I hate most social gatherings that involve casual acquaintances or strangers. Parties are awful and large school or work-related events are the worst. Dinner parties are at most tolerable because of the ability to sit and eat. Lunches? Hit or miss.
The other day I was reminded why I’m probably not invited to a lot of social events with people that don’t already get me. I’m horrible at small talk. No, I mean really horrible. I’ve discovered I have two settings: mute and blowhard, with nothing in between. If I’m not being completely socially awkward in my silence, I’m being completely inappropropriate in my ranting.
I’m not sure exactly when this happened. My childhood was spent in quiet dishonesty. If I had nothing interesting to say, I would make something up. And then I was caught and spent a brief period in elementary school purgatory until sufficient time had passed in which everyone involved forgot. But I did not, and at some point after decided it was probably best just not to say anything. I was also woefully insecure and thought I was without opinion on pretty much everything. Looking back I think I actually had a lot to say, but wasn’t confident enough to let it out of my mouth.
And then it happened. At some point I discovered I wanted to express my opinion. No, I needed to express my opinion. It was visceral. The only problem, however, is that after spending much of my life being quiet, I didn’t know how to be both polite and opinionated. I didn’t know how to listen and talk. I didn’t know how to stop lecturing and listen to differences of opinion. Most importantly? I didn’t know how to fake it when I disagreed. And it seemed like I was always disagreeing.
So again, and when some casual friendships dissolved after too many overheard “Why is she such a bitch?” comments, I went dormant. Until I was in my senior year of college and approaching 30. Perhaps it was that silver haired minx of a Sociology professor who validated almost everything I had to say and stroked my ego. If you’re told you’re right enough, or told how smart you are enough, you start to believe it. The only problem is you leave less and less space for others. And you become a jerk.
It turns out as much as I want to be right, I also want to be liked, some days more, some days less.
Two days ago I was invited to have lunch with an acquaintance that I really would like to turn into a friend. And even though it was just going to be the two of us I was still nervous. I’m in a new town with new people that I’m still trying to figure out and so I spend a lot of my time guarded, reeling back in the little bits that leak out from time to time, or looking to see who noticed and didn’t seem to care. These are my people. As it turns out, the lunch ended up being for three, with another woman appearing as I arrived. Again, someone I think I really like, but don’t know enough about to figure out which version of me would be acceptable.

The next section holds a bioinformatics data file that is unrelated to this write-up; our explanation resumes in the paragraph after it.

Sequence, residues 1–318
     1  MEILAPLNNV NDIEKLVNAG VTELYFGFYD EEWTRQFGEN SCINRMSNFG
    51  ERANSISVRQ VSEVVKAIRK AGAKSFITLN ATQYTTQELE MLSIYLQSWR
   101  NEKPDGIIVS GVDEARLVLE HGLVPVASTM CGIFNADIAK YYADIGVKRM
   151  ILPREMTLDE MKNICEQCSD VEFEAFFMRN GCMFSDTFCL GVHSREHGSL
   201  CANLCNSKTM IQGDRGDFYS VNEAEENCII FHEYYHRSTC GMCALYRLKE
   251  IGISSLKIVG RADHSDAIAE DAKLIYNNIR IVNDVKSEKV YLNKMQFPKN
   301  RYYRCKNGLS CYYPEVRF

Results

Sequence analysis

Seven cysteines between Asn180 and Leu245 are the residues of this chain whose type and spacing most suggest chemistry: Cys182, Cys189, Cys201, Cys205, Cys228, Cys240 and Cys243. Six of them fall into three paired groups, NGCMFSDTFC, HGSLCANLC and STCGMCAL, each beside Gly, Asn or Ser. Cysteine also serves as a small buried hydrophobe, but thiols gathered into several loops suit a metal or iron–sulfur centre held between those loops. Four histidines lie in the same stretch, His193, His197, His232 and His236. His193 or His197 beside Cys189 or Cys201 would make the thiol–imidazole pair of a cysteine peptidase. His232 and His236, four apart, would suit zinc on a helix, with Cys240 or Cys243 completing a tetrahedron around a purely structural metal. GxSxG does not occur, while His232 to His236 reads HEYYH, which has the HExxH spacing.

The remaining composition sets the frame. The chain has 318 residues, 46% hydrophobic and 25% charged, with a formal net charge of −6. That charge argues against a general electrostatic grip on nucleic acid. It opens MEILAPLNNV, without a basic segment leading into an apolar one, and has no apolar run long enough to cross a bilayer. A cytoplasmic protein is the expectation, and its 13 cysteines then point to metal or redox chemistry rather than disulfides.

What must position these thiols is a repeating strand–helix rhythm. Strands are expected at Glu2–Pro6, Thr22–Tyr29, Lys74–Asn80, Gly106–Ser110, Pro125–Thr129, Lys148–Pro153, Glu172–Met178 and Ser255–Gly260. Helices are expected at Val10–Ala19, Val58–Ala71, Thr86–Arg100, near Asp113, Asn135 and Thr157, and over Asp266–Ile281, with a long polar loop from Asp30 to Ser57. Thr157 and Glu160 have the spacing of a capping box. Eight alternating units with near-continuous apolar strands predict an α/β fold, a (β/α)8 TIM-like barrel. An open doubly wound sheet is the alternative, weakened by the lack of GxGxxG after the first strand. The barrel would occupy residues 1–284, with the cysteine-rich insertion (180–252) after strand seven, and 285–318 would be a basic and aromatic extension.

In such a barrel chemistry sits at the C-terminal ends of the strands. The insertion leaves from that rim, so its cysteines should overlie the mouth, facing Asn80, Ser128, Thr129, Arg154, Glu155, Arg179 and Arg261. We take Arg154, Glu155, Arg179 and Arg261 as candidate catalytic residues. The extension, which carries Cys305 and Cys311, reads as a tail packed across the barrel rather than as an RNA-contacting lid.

Sociologist Erving Goffman will tell you that we all play different roles throughout our day, similar to that of an actor: employee, spouse, parent, teacher, etc. We frame our social interactions within the constraints of a particular character or role. So it’s not psychotic to acknowledge that each of us – even if we don’t know it – take on different personas depending on a situation. My problem is that I tend to over think each of these roles as well as the roles of others, all the way down to the extras. Though I’m sure at 700+ words you’ve figured this out by now.
During lunch, I did my best to be friendly, smiled a lot and tried to listen, making polite comments here and there. But then the talk turned to 40B housing – the Massachusetts law that states each town in the Commonwealth must set aside 10% of its housing supply as affordable. There doesn’t seem to be a set figure defining affordable. Rather, it is a percentage based on the average income for each town. And in the town I live in, I believe that means a family of 4 can’t make more than $65,000? That’s more money than either of my parents ever earned in a year over the course of their entire working lives, but the salary of a pauper in relation to most residents.
One of the reasons our town is so desirable for housing is both its scenic and rural landscape and the public school, the latter most recently ranked 4th in the state by Boston Magazine, the keeper of all things “best.” There is a segment of the town that doesn’t want to open the floodgates to the economically downtrodden because of a perceived notion that it will either change the “feel” of the town or change the enviable student-teacher ratio. I think you can see where I’m going with this. As a renter in the town, a liberal’s liberal, a former Sociology student, and a firm believer in this little thing called a “society,” I kind of have strong opinions on the subject…but that’s another 2,000 words.
Let’s just say that I opened my mouth during lunch and it all came pouring out, to polite smiles and nods. I knew what was happening and still couldn’t stop it. But then an interesting thing happened on that deck. At some point I decided I didn’t want to stop talking about the inherit unfairness of the whole system. I wanted to own what I was saying because it needed to be said. And even though I want to be liked and thought of as fun to be around, I also want to be able to be me. The mute blowhard with a smattering of good, thoughtful, and highly tolerant friends. For all I know, my lunch companions may very well end up in that role. It’s too soon to tell.
But I still need to work on the listening part.